The assignment of antibiotic markers is termed ‘coloring’ for short. The coloring algorithm considers the assembly graph for each goal part and assigns the markers to parts in a deterministic fashion (K/A and A/C combine to form K/C, A/K and K/C combine to form A/C and so on). The algorithm is analogous to a breadth-first search in that it colors both the parents and the children of a part; if two goal parts share subparts, their assembly subgraphs are connected and colored at the same time. Sometimes, the algorithm attempts to recolor a previously-colored part and a coloring conflict arises if the two colors disagree (see Figure 5A). If we consider the assembly graph as an undirected graph, a conflict can only arise from a cycle in the graph (a cycle being a closed path with no repeated nodes or edges other than the starting and ending nodes). An example of a cycle, abcde − bcde − de − bcdede, is shown in Figure 5A.
For the sake of brevity, the example is of an intra-GPS cycle, but the concept remains the same for inter-GPS cycles. All cycles must have a lowest-cost part because edges only connect two parts of unequal cost. In order to resolve the coloring conflict in the most economical manner, we find the lowest-cost part in the cycle and duplicate its graph and subgraphs as shown in Figure 5B. The coloring algorithm is then called again to color the duplicated subgraphs and to discover if coloring conflicts still exist as shown in Figure 5C. Once all coloring conflicts are resolved, we make the final assembly graph by traversing the graph, making a record of each unique graph and attempting to recapture any potential subpart sharing with coloring taken into account by merging the duplicate nodes (same part and same color).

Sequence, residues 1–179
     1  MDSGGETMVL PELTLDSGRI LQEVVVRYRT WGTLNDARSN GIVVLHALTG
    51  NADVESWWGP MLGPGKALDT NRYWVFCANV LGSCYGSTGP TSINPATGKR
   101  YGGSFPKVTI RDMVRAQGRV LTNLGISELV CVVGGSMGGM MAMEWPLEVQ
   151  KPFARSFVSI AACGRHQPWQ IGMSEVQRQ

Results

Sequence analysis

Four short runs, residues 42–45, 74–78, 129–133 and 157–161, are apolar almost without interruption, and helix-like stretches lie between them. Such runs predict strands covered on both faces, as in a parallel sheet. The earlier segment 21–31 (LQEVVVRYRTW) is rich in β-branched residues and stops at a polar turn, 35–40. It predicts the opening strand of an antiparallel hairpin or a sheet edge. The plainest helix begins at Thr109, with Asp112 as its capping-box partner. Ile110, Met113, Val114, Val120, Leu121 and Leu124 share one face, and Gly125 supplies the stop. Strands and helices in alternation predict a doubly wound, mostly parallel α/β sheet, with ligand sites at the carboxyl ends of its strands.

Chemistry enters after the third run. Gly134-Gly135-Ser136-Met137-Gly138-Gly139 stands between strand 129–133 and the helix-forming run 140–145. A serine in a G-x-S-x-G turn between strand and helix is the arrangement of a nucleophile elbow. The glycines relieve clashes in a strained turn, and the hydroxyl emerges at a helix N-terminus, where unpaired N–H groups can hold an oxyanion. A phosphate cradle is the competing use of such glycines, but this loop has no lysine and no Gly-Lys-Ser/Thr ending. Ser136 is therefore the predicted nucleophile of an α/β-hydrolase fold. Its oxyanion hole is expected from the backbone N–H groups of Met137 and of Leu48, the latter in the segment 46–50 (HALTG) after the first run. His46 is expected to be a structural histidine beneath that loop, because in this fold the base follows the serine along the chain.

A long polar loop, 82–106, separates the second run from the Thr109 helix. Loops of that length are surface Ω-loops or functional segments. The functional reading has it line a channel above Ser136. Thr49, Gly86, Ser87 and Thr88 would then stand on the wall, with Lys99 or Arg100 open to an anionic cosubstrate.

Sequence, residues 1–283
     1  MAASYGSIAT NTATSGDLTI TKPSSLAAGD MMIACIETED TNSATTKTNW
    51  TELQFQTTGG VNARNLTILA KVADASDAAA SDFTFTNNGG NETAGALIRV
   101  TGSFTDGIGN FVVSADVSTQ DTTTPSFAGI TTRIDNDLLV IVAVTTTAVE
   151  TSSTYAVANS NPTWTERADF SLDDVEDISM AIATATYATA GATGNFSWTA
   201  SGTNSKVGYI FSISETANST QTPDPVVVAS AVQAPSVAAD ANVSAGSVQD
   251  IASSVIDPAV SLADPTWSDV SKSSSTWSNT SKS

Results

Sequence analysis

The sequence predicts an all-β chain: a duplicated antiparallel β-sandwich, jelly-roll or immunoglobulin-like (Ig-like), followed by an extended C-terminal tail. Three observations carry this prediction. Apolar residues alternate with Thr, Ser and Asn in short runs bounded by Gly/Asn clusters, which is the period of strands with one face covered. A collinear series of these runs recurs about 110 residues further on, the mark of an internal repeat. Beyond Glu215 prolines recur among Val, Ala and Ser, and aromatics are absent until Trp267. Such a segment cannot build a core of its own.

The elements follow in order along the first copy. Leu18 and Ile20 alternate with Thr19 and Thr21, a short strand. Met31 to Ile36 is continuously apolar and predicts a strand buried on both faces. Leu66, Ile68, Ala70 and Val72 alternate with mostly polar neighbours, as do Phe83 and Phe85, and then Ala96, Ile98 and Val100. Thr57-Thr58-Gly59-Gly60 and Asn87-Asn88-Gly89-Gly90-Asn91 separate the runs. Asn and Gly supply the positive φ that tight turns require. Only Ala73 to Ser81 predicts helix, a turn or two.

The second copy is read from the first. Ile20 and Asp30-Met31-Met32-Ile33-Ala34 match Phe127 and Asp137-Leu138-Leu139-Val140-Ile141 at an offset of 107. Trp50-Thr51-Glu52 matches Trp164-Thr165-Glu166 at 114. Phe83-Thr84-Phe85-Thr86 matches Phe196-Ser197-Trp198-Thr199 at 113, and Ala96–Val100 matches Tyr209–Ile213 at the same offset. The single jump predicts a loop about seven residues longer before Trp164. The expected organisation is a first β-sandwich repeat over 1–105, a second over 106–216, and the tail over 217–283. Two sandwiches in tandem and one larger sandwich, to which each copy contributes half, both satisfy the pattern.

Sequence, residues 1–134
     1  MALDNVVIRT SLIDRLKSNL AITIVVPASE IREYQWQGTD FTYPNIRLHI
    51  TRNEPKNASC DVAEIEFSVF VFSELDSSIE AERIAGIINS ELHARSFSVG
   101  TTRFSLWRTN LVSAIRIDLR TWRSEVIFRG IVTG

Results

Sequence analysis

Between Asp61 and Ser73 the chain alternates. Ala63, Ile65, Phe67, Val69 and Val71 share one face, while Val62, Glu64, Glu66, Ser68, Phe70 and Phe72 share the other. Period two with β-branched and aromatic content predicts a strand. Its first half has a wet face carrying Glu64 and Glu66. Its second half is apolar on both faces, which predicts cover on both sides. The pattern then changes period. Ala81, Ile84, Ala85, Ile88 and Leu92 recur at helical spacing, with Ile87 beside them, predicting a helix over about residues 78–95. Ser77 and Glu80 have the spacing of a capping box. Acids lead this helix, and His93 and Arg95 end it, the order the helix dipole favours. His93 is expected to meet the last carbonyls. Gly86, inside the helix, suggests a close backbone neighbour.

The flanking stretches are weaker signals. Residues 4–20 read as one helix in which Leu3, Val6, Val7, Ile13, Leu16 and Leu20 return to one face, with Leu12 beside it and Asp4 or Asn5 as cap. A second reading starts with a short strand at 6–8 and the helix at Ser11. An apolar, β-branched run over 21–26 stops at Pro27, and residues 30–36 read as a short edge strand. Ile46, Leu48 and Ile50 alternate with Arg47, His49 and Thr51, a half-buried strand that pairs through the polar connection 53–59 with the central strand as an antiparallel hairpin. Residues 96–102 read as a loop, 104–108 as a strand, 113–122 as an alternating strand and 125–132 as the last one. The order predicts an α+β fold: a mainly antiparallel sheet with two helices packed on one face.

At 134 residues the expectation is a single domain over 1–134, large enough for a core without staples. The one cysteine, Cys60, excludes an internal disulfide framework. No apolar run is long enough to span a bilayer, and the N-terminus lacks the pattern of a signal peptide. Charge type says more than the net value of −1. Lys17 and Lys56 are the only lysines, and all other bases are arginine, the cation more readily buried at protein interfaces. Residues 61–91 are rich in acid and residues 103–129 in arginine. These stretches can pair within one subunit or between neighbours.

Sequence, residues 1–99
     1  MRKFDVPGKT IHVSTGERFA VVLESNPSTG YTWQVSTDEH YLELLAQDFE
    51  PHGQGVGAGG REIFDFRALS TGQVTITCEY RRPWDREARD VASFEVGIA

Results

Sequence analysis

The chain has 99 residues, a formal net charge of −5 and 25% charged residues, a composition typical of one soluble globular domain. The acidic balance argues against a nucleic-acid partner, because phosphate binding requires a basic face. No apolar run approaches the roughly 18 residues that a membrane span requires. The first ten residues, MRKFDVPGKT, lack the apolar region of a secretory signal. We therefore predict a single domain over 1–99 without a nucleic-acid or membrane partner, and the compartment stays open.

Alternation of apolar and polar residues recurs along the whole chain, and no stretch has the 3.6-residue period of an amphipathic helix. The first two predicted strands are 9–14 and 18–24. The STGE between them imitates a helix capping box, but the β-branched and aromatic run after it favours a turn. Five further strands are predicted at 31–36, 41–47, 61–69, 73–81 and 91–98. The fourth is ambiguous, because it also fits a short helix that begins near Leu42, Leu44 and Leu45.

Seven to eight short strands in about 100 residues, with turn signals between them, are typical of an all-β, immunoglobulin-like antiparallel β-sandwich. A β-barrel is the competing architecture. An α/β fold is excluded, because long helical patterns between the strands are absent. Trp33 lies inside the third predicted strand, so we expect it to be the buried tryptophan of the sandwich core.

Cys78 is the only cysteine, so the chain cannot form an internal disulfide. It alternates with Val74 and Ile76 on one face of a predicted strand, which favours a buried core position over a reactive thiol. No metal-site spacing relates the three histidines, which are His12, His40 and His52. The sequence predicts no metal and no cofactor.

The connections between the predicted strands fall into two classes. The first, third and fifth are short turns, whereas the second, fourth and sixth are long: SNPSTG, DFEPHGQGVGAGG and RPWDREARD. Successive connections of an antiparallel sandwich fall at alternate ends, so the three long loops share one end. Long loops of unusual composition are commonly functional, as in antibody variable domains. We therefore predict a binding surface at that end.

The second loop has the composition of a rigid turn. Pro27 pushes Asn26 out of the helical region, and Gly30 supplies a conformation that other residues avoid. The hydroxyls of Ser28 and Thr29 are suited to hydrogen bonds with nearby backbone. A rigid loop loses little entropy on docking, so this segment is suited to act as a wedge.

In this section, we demonstrate the effectiveness of our algorithms by running them on two real-world goal-part sets. The first goal-part set is for a phagemid project from the Anderson lab and contains 131 goal parts. In order to screen for a correctly functioning device, this ‘phagemid’ dataset encoded three specific biochemical functions into a device and varied the transcriptional regulation. These three biochemical functions were distributed into one or more operons and each operon was under control of one of four promoters. The order of these operons was also varied. The second goal-part set was designed by a group of students at the University of California at Berkeley as part of the 2008 International Genetically Engineering Machines competition (17). This ‘iGEM-2008’ dataset contains 397 goal parts that were used as devices for simplifying in vivo cloning reactions. Part lengths in these datasets range from 2 to 14 primitive parts. Preliminary analysis of both datasets found that there were no instances of intra-GPS and many instances of inter-GPS, confirming our earlier assumptions. For example, in the ‘iGEM-2008’ dataset the average sharing factor for a subpart was four with a maximum of 238. For the ‘phagemid’ data set the average sharing factor was 6 with a maximum of 130. Both datasets are available in the Supplementary Data.